From the perspective of individual film makers or film production, the major challenges they faced were centered on the cost of production and project management. The lack of adequate financial backing meant that individual film makers had to rely heavily on ‘bootstrapping’ all along the way, as well as employing plenty of ‘sweat equity’. These were apart from using up all personal savings and all they could borrow from friends and relatives. In addition, there was plenty of ‘asset parsimony’ – begging for things they should borrow; borrowing what they should buy; buying old equipment rather than new; use of assets in return for acknowledgement of the owners; and other creative means of acquiring the use of assets. As much as possible, the financial burden of the cost of fixed assets was kept to the barest minimum.
Similarly, because no single organisation had the capacity to pull all the resources required to fund and manage a complex project such as film making – production management was organised as ‘collaborative networks’ or ‘strategic alliances’. This on its own presented another level of complexity in an environment where managerial culture was poor. Nonetheless, ‘social capital’ – specific forms of social relationships, which act as individual or group resources (actual or virtual) that facilitate collective action for mutual benefit – said to be entrenched in African settings proved useful in getting participants to work together towards a common purpose. Key elements of social capital, such as mutual trust, knowledge of each other’s values and discipline, and a sense of belonging were noted to be critical in holding such networks together to produce results.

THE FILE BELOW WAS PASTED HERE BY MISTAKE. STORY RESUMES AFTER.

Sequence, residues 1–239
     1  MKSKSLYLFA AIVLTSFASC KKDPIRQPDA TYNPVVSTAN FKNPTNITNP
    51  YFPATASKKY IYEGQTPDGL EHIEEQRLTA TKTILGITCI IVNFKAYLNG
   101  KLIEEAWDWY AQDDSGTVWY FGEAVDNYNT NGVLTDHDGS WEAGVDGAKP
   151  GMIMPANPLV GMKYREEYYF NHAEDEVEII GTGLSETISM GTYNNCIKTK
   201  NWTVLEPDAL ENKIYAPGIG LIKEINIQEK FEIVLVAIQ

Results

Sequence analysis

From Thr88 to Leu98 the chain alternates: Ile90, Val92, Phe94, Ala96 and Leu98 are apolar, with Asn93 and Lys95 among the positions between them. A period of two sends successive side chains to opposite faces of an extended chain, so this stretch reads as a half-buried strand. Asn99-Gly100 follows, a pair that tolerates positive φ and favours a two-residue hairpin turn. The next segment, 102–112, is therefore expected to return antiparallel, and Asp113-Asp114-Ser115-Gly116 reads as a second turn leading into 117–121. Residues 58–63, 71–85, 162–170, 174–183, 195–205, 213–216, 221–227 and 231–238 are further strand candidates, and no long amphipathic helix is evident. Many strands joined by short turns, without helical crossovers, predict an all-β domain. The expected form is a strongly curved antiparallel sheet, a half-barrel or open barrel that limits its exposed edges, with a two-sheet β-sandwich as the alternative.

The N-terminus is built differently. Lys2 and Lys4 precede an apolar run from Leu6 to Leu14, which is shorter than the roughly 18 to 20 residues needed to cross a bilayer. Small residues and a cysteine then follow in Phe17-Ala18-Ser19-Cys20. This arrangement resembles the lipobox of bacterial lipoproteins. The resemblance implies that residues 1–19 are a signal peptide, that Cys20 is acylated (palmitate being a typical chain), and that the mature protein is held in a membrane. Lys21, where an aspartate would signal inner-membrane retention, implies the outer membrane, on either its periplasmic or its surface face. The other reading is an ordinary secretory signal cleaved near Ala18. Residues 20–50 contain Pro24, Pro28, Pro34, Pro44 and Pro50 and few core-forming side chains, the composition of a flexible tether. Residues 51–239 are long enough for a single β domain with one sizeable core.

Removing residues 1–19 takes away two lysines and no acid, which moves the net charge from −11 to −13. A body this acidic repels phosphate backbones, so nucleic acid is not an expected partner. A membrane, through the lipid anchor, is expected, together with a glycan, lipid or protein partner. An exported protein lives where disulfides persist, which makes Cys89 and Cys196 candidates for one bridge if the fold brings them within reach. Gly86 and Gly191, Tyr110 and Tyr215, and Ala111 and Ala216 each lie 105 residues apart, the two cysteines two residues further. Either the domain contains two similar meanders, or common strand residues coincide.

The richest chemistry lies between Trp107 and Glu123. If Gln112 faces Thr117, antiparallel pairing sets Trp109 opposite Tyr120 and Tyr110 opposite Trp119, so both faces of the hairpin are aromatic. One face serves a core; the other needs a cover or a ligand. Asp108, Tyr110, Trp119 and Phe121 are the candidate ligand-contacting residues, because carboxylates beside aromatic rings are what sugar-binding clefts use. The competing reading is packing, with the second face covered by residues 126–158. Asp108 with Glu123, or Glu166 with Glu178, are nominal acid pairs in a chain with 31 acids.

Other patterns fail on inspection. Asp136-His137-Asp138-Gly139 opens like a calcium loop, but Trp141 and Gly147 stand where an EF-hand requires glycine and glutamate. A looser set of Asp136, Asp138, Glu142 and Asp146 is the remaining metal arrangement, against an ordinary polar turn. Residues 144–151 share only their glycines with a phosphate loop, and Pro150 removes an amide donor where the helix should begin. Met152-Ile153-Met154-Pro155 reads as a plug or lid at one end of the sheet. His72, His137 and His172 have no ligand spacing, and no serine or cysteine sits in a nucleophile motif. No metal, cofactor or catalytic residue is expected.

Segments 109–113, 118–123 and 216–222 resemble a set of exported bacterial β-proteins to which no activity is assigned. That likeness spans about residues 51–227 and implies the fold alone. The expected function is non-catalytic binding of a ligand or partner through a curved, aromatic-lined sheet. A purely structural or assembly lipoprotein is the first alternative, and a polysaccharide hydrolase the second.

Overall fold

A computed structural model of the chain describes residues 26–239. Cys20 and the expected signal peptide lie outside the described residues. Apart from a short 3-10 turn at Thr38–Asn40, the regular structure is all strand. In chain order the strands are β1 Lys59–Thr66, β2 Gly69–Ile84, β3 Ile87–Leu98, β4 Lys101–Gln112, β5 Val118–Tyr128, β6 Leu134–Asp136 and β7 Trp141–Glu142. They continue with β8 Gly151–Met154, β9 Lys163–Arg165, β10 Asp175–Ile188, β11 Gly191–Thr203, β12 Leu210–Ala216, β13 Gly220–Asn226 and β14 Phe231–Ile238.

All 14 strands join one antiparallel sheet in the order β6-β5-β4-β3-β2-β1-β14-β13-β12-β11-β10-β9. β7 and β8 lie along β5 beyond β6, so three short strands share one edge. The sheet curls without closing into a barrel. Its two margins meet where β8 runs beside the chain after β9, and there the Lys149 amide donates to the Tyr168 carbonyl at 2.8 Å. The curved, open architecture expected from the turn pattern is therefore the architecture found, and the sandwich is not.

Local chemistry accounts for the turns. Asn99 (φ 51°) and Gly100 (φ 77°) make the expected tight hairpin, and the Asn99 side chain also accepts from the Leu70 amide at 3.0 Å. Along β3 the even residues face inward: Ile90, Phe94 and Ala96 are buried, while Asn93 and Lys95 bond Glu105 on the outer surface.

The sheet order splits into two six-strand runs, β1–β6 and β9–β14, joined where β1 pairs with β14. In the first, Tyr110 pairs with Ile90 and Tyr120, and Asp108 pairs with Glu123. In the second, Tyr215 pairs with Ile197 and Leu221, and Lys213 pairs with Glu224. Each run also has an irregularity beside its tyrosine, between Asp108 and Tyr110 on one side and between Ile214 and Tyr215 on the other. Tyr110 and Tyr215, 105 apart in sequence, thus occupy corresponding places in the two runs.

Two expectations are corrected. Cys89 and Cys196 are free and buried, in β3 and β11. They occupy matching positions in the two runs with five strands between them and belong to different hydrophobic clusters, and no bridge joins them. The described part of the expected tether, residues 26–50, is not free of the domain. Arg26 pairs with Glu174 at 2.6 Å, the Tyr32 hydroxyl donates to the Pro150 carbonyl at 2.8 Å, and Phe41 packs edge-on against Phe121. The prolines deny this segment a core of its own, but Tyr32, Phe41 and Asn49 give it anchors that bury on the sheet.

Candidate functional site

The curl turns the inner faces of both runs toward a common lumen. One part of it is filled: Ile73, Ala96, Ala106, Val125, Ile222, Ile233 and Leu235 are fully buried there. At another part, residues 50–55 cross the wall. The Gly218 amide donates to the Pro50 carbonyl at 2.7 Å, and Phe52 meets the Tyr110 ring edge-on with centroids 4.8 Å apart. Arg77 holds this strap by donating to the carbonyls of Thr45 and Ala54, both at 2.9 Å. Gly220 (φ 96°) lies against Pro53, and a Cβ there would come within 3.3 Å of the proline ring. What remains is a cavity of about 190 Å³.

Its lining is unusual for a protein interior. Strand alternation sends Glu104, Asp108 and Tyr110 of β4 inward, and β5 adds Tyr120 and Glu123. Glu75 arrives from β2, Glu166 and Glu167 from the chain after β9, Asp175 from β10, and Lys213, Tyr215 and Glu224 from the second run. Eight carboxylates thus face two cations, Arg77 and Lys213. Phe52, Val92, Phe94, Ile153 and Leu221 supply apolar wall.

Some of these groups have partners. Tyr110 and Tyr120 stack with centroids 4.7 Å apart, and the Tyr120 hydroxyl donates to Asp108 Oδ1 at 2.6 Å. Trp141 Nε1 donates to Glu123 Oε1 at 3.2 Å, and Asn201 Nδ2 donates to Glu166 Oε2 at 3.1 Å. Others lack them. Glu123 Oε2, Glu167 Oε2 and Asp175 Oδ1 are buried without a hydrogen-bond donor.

Initially, the quality of the films were not very good, compared to what people were already used to – mainly due to the level of technology applied. But the artistry skills displayed by the actors and actresses were remarkable – and thus provided increase patronage. By learning from their mistakes; listening to audience reviews; and an expanded market across Sub-Saharan Africa and Africans in the diaspora, which help to generate more revenues – major improvements were made. This led to an increase in business confidence of both participants and supporters, as demonstrated by the high content of Nigerian films carried by major cable satellite networks.